Several of our Therapists that are seeing clients in person have now been vaccinated. In addition to offering in person appointments we are also seeing clients for online sessions via video call.
by Dr. Becky Spelman on 17/01/2021

What is Codependency

In a codependent relationship, one is generally reliant on another’s approval to an unhealthy degree for their sense of identity and self-worth. Rather than thinking about what they should do, and how they should behave, to maximise their own chances of happiness and fulfilment, they generally try to do what they think a significant person in their life—often a romantic partner or parent—would like them to do. In consequence, they often struggle with appropriate boundaries and can experience a profound sense of anxiety if they are separated from this person, or if they feel that they have angered or displeased them in some way. For some people they may develop love addiction due to the codependency issues.

Conversely, the other person (or people) in the relationship develop a strong identity around providing help, support, guidance, etc.—often to the detriment of the other, and even themselves.

In both cases, dysfunctional codependent behaviours frequently have their roots in the family dynamics of their families of origin.

Therapy for Codependency

In a clinical setting, therapists often work with patients who have problems around issues such as substance abuse, or an unhealthy relationship with food, that relate to a codependent relationship that they have with a person, or people, in their lives.

For example, a substance abuser with an addiction problem may find it very difficult to address this behaviour because they are in a relationship with someone else who abuses substances, and they want to make them happy by doing so too—or, conversely, because their loved one has developed an identity around “helping” them so much that they never have to confront what they are doing.

However, codependent relationships are also found in a wide range of circumstances that can present very differently. In general, one person in the relationship experiences the need to “help” the other, to the point of excluding them from all decision-making about themselves, while the other responds by presenting as passive and unable to function without this support. It can become very difficult for either of them to move beyond this situation, as their very identities have become inextricably bound to the concept of their being essential to the other’s basic well-being.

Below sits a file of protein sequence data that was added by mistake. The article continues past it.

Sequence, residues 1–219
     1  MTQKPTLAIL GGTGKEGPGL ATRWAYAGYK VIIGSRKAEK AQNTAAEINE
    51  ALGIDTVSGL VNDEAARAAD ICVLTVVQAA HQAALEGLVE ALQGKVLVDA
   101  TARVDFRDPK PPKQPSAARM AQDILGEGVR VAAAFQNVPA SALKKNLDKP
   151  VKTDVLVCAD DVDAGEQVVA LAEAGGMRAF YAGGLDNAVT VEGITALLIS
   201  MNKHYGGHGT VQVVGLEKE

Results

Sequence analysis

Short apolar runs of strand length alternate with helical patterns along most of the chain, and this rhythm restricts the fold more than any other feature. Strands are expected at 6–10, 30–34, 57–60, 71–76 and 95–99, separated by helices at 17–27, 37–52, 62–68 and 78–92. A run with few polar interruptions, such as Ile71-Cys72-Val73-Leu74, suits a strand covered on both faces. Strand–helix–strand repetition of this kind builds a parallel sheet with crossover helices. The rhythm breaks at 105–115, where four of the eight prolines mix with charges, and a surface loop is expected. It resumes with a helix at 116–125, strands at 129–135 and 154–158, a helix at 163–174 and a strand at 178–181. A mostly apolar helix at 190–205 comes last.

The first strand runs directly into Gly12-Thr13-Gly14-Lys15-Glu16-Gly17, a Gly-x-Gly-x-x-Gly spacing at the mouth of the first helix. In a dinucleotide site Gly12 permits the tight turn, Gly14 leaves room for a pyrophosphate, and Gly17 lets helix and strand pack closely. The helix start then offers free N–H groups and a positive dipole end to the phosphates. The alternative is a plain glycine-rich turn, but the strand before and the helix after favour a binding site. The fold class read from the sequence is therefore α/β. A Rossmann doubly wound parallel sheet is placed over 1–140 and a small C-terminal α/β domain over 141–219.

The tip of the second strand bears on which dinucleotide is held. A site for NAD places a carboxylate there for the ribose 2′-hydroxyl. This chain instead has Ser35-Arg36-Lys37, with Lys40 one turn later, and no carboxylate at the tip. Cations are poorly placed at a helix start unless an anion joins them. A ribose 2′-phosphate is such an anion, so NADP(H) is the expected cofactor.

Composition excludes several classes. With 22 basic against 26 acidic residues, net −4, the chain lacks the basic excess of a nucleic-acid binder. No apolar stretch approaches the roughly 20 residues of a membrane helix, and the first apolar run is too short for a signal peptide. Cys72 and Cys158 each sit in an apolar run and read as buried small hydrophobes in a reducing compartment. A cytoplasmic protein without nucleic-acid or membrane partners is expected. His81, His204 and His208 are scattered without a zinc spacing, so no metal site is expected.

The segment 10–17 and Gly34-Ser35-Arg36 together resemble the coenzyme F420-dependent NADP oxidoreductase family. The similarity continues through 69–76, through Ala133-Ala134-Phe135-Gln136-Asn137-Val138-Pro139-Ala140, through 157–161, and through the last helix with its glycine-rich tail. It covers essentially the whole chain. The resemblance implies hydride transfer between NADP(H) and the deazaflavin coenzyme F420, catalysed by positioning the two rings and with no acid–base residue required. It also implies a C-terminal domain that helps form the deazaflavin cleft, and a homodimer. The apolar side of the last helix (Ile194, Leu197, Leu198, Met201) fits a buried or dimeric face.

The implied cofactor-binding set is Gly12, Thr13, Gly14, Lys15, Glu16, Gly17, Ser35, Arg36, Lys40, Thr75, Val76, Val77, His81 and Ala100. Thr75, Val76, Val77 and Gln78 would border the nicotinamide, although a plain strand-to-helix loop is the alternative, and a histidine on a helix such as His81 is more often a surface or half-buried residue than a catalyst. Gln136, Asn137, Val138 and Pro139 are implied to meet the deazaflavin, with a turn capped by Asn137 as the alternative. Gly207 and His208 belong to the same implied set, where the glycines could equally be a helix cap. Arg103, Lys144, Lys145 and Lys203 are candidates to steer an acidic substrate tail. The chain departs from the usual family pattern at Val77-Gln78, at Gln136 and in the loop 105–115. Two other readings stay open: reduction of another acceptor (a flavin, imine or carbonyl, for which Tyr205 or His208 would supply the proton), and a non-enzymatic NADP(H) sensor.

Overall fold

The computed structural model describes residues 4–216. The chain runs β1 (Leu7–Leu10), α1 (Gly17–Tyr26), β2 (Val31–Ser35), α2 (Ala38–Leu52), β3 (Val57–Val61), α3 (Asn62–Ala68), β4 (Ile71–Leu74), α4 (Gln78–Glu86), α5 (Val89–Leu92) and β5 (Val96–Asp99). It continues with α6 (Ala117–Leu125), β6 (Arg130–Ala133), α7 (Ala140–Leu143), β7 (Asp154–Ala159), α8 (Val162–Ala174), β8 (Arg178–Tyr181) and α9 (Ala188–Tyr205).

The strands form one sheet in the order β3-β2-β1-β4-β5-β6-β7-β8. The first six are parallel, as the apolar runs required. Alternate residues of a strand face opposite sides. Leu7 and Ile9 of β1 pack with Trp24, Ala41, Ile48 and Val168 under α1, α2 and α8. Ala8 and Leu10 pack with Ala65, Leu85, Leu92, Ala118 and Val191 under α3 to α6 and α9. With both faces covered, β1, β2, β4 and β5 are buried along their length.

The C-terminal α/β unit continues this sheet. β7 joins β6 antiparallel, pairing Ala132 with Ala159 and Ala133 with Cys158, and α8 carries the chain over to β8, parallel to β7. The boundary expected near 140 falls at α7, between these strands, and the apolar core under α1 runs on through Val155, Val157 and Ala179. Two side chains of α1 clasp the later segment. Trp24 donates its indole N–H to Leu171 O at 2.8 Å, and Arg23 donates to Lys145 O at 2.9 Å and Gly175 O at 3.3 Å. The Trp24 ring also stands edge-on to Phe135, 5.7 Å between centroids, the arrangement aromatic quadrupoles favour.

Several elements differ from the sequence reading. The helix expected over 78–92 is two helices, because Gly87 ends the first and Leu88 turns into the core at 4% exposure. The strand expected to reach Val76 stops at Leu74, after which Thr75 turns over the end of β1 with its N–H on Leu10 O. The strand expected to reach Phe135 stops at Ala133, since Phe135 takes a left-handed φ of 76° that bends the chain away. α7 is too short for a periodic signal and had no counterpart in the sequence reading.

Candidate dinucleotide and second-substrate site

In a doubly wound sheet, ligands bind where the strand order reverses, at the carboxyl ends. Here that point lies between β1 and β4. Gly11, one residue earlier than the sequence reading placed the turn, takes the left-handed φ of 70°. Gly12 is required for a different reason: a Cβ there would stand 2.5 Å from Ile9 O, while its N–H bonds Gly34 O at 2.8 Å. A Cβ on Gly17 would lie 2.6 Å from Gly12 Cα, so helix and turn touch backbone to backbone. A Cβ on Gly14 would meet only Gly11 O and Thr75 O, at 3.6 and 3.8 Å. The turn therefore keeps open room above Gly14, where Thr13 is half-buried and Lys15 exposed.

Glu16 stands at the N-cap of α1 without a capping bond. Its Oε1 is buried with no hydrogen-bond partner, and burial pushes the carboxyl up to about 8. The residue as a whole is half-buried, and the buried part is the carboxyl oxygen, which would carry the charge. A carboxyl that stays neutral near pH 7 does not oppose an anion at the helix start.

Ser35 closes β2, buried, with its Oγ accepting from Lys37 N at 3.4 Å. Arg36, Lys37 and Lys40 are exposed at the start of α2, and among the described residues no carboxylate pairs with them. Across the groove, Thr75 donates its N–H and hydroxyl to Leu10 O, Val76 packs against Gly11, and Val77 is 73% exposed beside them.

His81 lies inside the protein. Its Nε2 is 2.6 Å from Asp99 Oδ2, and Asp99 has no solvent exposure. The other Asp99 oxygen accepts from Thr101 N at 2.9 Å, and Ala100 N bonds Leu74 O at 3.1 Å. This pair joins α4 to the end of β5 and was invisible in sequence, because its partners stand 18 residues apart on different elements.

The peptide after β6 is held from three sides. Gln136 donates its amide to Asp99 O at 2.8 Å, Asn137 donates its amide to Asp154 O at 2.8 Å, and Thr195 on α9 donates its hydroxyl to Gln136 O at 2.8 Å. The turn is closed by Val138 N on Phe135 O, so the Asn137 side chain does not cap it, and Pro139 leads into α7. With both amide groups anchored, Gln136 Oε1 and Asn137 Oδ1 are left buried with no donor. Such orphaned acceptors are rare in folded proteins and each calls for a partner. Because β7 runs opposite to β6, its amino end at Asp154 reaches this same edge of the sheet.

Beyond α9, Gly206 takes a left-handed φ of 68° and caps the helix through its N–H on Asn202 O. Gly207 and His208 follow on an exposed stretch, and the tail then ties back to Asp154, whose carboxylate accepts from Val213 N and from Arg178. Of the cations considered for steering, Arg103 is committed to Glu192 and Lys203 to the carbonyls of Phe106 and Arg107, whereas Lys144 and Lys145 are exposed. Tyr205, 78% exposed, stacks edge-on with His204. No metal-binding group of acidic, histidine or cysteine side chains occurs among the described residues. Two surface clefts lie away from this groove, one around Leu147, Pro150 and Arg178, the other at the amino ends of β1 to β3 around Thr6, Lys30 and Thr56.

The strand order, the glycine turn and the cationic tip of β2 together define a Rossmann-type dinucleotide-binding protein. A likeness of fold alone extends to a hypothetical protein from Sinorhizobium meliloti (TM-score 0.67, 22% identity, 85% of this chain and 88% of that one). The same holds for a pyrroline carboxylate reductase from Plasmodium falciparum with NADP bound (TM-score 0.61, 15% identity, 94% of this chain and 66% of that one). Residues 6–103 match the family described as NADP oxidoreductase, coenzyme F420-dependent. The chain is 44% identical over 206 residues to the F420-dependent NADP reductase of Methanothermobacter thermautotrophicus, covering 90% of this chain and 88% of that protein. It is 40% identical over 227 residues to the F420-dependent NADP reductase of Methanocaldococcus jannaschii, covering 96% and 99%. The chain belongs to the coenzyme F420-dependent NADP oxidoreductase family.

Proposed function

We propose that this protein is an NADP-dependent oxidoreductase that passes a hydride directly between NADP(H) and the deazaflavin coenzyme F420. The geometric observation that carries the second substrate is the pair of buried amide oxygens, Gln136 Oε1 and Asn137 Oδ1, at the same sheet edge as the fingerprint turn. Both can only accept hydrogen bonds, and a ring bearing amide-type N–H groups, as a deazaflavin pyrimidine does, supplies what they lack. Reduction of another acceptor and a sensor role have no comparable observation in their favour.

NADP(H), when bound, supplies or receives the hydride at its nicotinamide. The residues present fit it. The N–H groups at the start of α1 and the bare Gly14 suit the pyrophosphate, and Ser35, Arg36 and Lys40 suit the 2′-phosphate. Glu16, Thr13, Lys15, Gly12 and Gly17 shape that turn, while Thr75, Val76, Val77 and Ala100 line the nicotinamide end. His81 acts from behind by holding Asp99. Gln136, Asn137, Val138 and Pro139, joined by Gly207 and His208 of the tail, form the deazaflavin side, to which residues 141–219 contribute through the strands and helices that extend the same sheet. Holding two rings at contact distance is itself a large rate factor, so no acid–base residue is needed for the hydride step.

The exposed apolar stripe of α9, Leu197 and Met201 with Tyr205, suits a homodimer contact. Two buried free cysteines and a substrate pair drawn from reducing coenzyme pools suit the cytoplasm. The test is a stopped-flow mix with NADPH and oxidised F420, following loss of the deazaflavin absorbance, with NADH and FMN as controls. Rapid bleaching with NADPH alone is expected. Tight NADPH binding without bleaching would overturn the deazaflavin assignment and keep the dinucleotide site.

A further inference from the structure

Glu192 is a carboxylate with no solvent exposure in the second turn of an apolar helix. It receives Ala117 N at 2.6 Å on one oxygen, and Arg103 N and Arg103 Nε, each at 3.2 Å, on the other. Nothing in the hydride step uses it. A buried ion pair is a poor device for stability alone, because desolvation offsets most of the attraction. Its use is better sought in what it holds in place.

With help, most people in codependent relationships can learn how to recognise what they are doing, and to learn new, healthier behavioural patterns. Therapeutic approaches such as Psychodynamic Therapy and Cognitive Behavioural Therapy, often alongside exercises to practice at home, and possibly in conjunction with attendance at a support group, can help people to create sustained change and to learn how to live in a more functional way.

If you would like to talk to someone about issues relating to codependency, please get in touch with us at the Private Therapy Clinic by telephone at: 020 3887 1738, book online or by email at: info@privatetherapyclinic.com.

REFERENCES

Anderson, S.C. (1994). “A critical analysis of the concept of codependency”. Social Work. 39 (6): 677–685

Cermak M.D., Timmen L. (1986). “Diagnostic Criteria for Codependency”. Journal of Psychoactive Drugs. 18 (1): 15–20.

Morgan Jr., JP (1991). “What is codependency?”. J Clin Psychol. 47 (5): 720–9.

related articles

  • 19 Aug 2019

    7 Clear-Cut Signs Your Relationships Are Rooted in Co-Dependency

    Co-dependency is an emotional and behavioural condition that is often learned and passed down from one generation to the next. It's a dynamic that can take root in any form of relationship, from the romantic to companionships and friendships as well as being observed in caregiving situations......

  • 10 Jan 2021

    Addicted to Love: Overcoming the Trap of Co-Dependency

    Being addicted to love is a relatively unheard of term within the spectrum of addiction. In fact, it's not officially recognised in the DSM-5 as a recognised disorder. However, the world of mental health is such a dynamic and ever-evolving landscape, it shouldn't be dismissed out of hand......

  • 04 Mar 2021

    Steps to recovering from co-dependency

    Being co-dependent can often feel like a constant cycle of people pleasing and feeling responsible for everything and everyone around you. Although it may be difficult to battle this at first, breaking this cycle can be a big step into finding yourself and finally being able to attend to your own pe.....

  • 22 Dec 2019

    7 Eye-Opening Signs You're in a Co-Dependent Relationship

    A co-dependent relationship is a relationship dynamic in which two people are unable to function without the input of the other. You could view this as a state of unconditional love. But there is a difference......